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Experiences of Adults with Attention Deficit Hyperactivity Disorder and Relationship to Executive Function Deficits Julie Linda Bull Thesis submitted in partial fulfilment of the requirements of Staffordshire and Keele Universities for the jointly awarded degree of Doctorate in Clinical Psychology. June 2014

Bull, Julie Linda (2014) Experiences of Adults with Attention Deficit Hyperactivity Disorder and Relationship to Executive Function Deficits Julie Linda Bull Thesis submitted in partial fulfilment of the requirements of Staffordshire and Keele Universities for the jointly awarded degree of Doctorate in Clinical Psychology. June 2014. Doctoral thesis, Staffordshire University.

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Abstract or description

Thesis Abstract

Attention-Deficit/Hyperactivity Disorder (ADHD) is characterised by symptoms of hyperactivity,
impulsivity and attentional difficulties. Originally thought to be a condition of childhood, ADHD
has now been recognised in adults.

One of the main theoretical explanations of ADHD is related to deficits in Executive Functioning
(EF). The state of current knowledge regarding the relationship between EF and ADHD was reviewed.
Findings suggest that adults with ADHD are likely to exhibit deficits in EF mainly related to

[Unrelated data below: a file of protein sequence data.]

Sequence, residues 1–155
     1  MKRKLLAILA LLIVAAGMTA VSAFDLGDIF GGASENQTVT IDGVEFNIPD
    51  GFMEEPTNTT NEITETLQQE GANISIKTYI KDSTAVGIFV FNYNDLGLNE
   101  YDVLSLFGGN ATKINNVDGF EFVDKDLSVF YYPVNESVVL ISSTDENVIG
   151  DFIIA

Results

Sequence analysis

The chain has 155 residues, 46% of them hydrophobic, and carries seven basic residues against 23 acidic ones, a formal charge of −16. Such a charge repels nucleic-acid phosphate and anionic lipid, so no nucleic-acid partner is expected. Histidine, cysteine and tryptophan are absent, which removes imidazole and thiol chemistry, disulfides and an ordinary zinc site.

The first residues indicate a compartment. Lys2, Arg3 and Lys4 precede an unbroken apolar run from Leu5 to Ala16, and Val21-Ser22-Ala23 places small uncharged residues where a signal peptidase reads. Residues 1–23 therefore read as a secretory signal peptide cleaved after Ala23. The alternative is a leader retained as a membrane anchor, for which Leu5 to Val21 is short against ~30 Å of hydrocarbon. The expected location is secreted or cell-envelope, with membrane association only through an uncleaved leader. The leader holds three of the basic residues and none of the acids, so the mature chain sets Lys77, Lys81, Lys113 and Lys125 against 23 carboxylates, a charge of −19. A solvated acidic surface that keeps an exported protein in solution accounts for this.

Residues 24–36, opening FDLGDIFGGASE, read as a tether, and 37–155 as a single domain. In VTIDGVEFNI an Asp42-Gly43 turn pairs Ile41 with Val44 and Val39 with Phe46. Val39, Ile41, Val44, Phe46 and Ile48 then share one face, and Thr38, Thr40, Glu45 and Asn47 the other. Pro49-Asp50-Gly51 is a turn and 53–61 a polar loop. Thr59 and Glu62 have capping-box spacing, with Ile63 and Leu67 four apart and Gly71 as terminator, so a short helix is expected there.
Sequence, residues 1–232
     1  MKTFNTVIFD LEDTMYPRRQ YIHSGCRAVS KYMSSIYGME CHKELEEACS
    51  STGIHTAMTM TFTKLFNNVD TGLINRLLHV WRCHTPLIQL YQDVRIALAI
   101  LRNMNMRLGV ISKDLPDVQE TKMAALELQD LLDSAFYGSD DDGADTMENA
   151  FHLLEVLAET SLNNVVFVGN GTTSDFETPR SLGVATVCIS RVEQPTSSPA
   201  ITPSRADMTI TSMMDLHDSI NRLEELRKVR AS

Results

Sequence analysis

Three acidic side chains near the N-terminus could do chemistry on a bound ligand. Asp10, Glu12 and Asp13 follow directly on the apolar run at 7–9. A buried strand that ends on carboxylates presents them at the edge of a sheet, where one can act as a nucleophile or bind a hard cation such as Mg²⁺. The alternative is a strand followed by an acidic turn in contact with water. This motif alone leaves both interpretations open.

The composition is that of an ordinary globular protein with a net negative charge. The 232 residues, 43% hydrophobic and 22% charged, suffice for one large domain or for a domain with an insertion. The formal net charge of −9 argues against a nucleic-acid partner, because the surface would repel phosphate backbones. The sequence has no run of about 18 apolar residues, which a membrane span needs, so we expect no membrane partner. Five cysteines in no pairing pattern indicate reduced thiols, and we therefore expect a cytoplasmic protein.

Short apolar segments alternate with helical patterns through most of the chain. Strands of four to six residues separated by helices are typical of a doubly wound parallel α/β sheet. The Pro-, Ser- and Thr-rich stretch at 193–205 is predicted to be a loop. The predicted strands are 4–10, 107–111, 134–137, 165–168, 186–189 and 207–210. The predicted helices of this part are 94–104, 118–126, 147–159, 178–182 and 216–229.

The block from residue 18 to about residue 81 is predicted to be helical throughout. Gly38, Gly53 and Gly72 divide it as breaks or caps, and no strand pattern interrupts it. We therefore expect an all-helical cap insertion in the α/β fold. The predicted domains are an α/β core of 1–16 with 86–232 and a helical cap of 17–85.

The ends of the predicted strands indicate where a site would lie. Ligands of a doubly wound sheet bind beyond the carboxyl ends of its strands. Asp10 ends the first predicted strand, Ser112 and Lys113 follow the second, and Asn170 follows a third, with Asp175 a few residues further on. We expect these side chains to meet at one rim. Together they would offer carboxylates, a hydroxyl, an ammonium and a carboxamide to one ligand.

response inhibition, set-shifting or working memory. Deficits in EF as shown on neuropsychological
tests may help to identify people who are at risk of under achieving in various life domains such
as education or occupation. Tests of EF which are more ecologically valid may be more sensitive to
EF dysfunction than traditional measures.

The experience of having adult ADHD and preferences for support were explored using Interpretative
Phenomenological Analysis (IPA). Four super- ordinate themes emerged from five interviews: 'Process
of adapting to ADHD', 'Social Appraisal', 'Self-regulation' and 'Coping'. Participants described an
adjustment process which impacted on their identity and the impact on self-perception was evident.
ADHD was not understood well by others and some participants experienced stigma and bullying. A
range of coping strategies were identified and clinical implications and limitations of the study
were discussed.

Finally, a commentary and reflexive analysis of the research process was offered and factors
influential to the research were discussed.

Item Type: Thesis (Doctoral)
Subjects: A300 Clinical Medicine
C800 Psychology
Depositing User: Linda FRADLEY
Date Deposited: 22 Apr 2015 16:14
Last Modified: 22 Apr 2015 16:14
URI: http://eprints.staffs.ac.uk/id/eprint/2058

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